About three years ago, the blogosphere was abuzz with talk of the new anti-aging medicine, which caught my attention again recently: NF-kB inhibitors. As a result of research published in Genes and Development, it was determined that NF-kB was the transcription factor most associated with mammalian aging. The study, involving researchers from such institutions as Stanford, the University of Illinois and Duke, also showed that inhibiting NF-kB promoted younger looking skin. As Alexander Hoffman, a biochemistry professor at the University of California San Diego told Wired, “[An NF-kB inhibitor] would be the best wrinkle cream ever, because it would actually work.”
Exciting news indeed. Yet how much it is safe to inhibit NF-kB on the skin remains to be seen, which is most likely why drug companies have yet to develop a topical NF-kB inhibitor to treat or prevent signs of aging. (Another reason is the controversial nature of the patent that surrounds an NF-kB inhibitor, the subject of a number of court cases, including Ariad v. Lilly). A number of drugs currently on the market are known to inhibit NF-kB as a side effect, including denosumab (to raise bone mineral density), disulfiram (to treat alcoholism), and olmesartan (to treat high blood pressure). However, as Dr. Hoffman warns, “If you inhibit [NF-kB] too much, you might cause too much rejuvenation and cause cell proliferation…The possibility of causing cancer that way may be there.” Indeed, NF-kB is produced naturally in response to numerous causes of stress, including UV irradiation, gamma-irradiation, topoisomerase poisons, and DNA-breaking, and it remains to be seen how much NF-kB inhibition preserves necessary immunological function, in the skin or otherwise.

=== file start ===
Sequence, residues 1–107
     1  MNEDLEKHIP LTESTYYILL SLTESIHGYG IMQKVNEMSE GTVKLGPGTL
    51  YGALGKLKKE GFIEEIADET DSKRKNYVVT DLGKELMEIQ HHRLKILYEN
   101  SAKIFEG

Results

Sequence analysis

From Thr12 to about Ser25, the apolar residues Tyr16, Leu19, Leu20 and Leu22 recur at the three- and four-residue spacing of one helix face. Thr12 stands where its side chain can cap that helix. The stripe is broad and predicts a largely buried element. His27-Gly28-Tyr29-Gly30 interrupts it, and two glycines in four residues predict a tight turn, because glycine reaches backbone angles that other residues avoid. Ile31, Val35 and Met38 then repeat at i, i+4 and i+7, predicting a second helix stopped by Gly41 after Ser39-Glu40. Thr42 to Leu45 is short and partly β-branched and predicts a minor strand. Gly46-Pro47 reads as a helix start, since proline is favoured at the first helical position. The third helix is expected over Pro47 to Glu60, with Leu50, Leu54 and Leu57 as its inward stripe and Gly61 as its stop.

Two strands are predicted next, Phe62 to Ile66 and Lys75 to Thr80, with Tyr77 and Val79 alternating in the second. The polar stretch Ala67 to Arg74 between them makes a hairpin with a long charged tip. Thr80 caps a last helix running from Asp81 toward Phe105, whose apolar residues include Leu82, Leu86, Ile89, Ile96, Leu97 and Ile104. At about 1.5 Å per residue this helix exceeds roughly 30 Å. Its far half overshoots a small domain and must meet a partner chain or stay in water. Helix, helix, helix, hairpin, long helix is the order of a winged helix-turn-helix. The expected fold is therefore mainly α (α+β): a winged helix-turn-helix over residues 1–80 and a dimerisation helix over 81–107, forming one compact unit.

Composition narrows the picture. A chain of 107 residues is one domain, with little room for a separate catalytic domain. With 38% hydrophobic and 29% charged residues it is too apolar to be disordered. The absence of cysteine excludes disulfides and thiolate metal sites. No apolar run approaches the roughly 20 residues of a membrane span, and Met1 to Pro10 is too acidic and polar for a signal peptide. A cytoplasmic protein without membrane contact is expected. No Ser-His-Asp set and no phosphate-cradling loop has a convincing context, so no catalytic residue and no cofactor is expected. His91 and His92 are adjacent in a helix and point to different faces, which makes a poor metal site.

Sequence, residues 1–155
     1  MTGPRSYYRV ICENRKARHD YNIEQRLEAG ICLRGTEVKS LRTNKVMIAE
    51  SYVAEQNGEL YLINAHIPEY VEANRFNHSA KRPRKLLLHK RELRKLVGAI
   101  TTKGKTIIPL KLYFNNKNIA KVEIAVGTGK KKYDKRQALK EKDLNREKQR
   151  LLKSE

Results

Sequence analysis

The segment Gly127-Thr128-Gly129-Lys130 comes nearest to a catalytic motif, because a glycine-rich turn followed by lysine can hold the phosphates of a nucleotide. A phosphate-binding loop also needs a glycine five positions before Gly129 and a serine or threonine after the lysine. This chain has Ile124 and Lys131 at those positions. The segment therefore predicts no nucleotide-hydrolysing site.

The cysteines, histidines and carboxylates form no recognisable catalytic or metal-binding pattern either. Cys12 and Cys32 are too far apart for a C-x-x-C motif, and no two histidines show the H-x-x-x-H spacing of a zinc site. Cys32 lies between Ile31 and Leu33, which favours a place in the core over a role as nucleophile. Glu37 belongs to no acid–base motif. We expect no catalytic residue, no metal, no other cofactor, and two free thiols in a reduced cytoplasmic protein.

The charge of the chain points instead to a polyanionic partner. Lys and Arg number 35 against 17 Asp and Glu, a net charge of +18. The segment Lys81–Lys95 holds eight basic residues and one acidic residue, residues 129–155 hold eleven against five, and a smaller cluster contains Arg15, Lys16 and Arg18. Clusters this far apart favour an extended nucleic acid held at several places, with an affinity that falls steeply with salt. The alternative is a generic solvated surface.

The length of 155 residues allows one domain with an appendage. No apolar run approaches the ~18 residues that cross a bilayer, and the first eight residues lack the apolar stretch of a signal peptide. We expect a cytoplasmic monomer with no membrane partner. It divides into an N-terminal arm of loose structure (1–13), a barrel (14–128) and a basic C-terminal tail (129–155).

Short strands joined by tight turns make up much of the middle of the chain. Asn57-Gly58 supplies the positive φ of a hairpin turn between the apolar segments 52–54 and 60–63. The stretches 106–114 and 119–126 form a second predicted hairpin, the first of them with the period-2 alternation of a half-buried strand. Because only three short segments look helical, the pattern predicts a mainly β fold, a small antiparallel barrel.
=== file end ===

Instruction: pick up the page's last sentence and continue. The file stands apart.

There is one thing scientists do know, and that is the fact that there are a number of known antioxidants and treatments able to inhibit NF-kB. A list of known NF-kB inhibitors, from the Gilmore lab at Boston University, cites a number of reputable sources which tout the praises of NF-kB inhibition by everything from alpha-lipoic acid to vitamin C to exercise. While these treatments may not result in as optimized NF-kB inhibition as, say, the directly-targeted, as-to-yet-be-developed drug, many of the listed treatments are available commercially and believed to be safe when taken in recommended amounts.
With that said, your best bet right now is to lead a healthy, low-stress lifestyle. Eat and topically apply antioxidants (found in 2007 to be better than either strategy alone), regularly consult with a dermatologist, and stay on top of the latest in skin care research. Right now, I’m consulting this list of the most beneficial fruits and vegetables (antioxidant-wise) and using products like Revale Skin and retinoids.
Have any thoughts on NF-kB inhibition in your skin care? Let us know in Comments below!
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